As children, we are taught that Vashti was wicked for disobeying her husband. The reason she was either banished or executed (depending on who tells the story), comes down to the simple fact that the men who were supposed to see her “beauty” were afraid that other women would follow in her footsteps. The only way to quell the potential of any feminist rebellion was to get rid of Vashti and replace her with a woman who knew her place.
In real life, we know that we are much more than the good girl vs. the bad girl. No human being is entirely good or bad. We are a spectrum of personality traits and choices. The problem is that while men have been given unabashed permission to live within this spectrum, women are only starting to move beyond very specific character types.
I think its time to give Vashti her due. In standing up for herself, she is standing up for every women who has been put down and/or limited because of her sex. It’s time to give her her due as a role model instead of reducing her to a one note character.
Change does not happen from nothing. It requires the will to see it happen and the bravery to stand up against those who would prevent such change.
Radium Girls premiered in 2018. Based on a true story, it takes place in the 1920’s. Sisters Bessie (Joey King) and Josephine (Abby Quinn) are employed by American Radium (based on the real company U.S. Radium Corp). Their job is to paint watches and military dials with radium. In order to paint within the miniscule lines, they had to wet the brushes with their lips. When Josephine starts to get sick, Bessie starts to put two and two together. But when the company starts to push back, she realizes that getting justice is easier said than done.
The narrative is the classic underdog/working class vs. the big bad men who keep them down. Though the story is in the same genre as Iron Jawed Angels, Norma Rae, and Suffragette, I didn’t getting the same “yes I can” rush that I usually get with these kind of films.
Do I recommend it? Maybe.
Radium Girls is available for streaming on Netflix.
Some people know from an early age that they are going to change the world. Others simply change their world by being a decent human being and seeing the injustice that is forced on others.
The new Eleanor Roosevelt biography, titled Eleanor, was written by David Michaelis. Published last fall, this is an extensive womb to tomb biography of the late former First Lady. Born in 1884 in New York City to the wealthy and respected Roosevelt family, her childhood was not a happy one. She lost both of her parents and her younger brother by the she was a teenager. As a young woman, she married her fifth cousin and future President, Franklin Delano Roosevelt.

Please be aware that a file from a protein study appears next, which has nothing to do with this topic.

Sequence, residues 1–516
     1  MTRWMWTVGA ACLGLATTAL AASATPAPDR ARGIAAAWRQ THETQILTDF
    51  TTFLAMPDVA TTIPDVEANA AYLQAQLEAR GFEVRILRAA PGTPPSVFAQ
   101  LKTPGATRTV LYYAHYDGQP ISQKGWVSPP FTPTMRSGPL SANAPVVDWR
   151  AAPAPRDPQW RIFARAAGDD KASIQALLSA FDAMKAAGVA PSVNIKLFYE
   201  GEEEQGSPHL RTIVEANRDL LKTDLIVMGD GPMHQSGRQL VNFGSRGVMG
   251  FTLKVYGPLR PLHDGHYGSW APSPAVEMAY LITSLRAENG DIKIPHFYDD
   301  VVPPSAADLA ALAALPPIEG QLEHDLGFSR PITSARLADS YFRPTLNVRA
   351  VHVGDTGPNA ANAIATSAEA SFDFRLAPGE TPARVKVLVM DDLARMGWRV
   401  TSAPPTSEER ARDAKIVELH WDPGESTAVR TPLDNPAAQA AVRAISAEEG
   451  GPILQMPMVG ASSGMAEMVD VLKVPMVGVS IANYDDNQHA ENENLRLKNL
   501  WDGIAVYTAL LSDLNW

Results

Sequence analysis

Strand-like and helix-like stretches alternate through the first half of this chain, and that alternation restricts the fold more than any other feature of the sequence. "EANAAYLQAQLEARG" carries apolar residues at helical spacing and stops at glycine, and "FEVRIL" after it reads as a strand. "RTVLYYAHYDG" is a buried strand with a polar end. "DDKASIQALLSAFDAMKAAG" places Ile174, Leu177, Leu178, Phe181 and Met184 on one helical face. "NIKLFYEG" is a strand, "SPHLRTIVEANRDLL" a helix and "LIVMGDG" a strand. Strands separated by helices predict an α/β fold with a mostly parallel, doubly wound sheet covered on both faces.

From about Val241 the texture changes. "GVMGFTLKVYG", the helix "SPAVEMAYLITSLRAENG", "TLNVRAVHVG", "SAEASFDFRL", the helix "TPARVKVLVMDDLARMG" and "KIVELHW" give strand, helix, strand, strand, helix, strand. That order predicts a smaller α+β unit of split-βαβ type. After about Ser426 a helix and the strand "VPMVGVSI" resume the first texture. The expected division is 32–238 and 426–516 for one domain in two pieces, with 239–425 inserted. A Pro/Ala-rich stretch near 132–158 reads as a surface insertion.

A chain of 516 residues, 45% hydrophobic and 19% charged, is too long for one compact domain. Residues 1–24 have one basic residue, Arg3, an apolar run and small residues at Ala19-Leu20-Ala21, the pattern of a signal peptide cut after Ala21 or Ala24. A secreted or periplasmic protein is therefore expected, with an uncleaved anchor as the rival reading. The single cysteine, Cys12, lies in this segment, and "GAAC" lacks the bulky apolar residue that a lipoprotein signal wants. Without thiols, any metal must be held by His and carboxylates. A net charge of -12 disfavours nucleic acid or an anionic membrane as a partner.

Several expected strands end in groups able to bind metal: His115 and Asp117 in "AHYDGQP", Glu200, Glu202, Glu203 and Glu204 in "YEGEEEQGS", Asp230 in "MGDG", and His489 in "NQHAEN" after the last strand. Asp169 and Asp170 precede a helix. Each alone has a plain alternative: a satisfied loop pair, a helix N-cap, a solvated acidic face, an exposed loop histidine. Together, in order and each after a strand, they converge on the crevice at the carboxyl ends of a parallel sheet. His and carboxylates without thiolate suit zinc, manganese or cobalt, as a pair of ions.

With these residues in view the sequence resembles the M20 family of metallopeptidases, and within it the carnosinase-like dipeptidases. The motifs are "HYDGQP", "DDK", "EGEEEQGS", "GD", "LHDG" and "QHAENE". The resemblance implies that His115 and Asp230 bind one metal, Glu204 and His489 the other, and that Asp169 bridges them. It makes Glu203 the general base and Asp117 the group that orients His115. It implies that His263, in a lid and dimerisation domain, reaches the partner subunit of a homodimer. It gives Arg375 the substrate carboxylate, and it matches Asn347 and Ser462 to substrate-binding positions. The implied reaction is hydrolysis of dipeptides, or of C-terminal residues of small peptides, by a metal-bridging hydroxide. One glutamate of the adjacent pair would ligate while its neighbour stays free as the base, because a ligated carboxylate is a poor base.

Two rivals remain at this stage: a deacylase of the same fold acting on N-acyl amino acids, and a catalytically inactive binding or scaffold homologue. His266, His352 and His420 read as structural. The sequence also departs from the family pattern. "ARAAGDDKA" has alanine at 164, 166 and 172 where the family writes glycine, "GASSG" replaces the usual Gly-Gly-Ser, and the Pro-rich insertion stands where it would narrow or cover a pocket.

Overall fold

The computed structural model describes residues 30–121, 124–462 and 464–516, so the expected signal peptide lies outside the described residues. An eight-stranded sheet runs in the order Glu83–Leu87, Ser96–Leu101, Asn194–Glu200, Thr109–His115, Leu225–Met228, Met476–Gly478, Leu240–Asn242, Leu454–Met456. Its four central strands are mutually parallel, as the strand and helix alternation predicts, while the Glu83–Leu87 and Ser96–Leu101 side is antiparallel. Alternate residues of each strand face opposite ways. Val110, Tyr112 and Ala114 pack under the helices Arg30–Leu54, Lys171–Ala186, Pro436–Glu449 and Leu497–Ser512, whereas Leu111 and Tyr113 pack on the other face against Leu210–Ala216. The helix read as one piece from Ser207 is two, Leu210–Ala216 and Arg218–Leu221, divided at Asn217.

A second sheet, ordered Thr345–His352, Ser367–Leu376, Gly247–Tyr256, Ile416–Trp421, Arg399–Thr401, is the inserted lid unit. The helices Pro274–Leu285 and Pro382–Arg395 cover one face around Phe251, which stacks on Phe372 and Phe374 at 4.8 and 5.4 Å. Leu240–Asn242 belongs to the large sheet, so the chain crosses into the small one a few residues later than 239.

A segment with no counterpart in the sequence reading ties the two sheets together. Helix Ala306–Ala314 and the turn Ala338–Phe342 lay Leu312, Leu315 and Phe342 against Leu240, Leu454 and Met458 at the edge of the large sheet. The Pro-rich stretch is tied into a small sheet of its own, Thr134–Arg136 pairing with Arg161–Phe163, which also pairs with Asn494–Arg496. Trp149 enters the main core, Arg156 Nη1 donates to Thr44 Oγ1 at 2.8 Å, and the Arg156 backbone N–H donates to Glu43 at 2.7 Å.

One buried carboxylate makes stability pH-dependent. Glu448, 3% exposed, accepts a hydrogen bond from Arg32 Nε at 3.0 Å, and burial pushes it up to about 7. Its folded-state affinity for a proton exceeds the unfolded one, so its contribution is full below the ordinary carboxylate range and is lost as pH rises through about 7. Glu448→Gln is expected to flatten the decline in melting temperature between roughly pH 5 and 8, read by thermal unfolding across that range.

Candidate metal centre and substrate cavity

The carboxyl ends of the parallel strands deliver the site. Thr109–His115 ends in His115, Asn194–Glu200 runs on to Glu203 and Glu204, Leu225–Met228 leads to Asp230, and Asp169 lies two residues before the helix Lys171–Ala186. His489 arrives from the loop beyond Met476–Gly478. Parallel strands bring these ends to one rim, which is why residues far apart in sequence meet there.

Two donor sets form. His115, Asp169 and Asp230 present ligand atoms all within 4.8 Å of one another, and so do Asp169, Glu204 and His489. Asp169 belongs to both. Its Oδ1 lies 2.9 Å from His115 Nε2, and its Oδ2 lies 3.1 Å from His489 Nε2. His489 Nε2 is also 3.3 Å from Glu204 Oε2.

Their marriage not all sunshine and roses. But it became the platform she needed to become one of the greatest social justice warriors of the 20th century. Whether or not she knew it, Eleanor was a proto-feminist while serving as First Lady. Instead of quietly following in the footsteps of her predecessors, she became an activist. While other women were just starting to step out of the traditionally female world, she jumped whole heartedly into the causes she believed in.
This book is a masterpiece. It is gripping, entertaining, and humanizes a giant of American history. I will warn however, that it is far from a short read. But it is completely worth it, taking the reader behind the public image to see real woman behind the myth.
Dr. King was one of many who fought for equality. Though his ultimate goal was equality for African-Americans, it spread to the rest of the country. Women, the LGBTQ community, immigrants, and other Americans of color who have been disenfranchised heard his message and understood exactly what he was saying.
Though we can proudly say that we have made progress in the multiple decades since he was taken from us, it is more than clear that true equality is still too far off for many. I remember a cartoon in a book when I was in school. The image was of a tree had been cut at its base, but the roots were untouched. The analogy about racism and prejudice was obvious.
The fact is that we have a long way to do. Between the riot in DC almost two weeks ago and the murders of multiple African Americans last year, the dark side of the United States revealed itself in a way that was opening.
What Dr. King started almost a century ago, we have to finish. It is the only way to make his dream a reality.
The concept of marrying for love is new in the course of human history. Throughout most of our time on Earth (and still in some parts of the world), marriage is a business arrangement. A woman is sold or given to her husband as though she is an animal or an inanimate object.
The memoir, I Am Nujood, Age 10 and Divorced: A Memoir was published in 2010. In 2008, Nujood Ali was a young girl living with her family in Yemen. Married off to a man decades older than her, Ms. Ali told her her story with the help of journalist Delphine Minoui. Used as a servant by her new family and abused by her husband, she knew that she had no choice but to run away. Arriving at the local courthouse, she asked for a divorce.
In the west, we like to think that marriage is between two consenting adults that are ready, willing, and able to make what will hopefully be a lifetime commitment. But marriage is other part of the world is seen differently. Child marriage is is more common than we think it is. I loved this book. Ms. Ali not only broke barriers in her home country, she inspired millions of women across the world to do the same.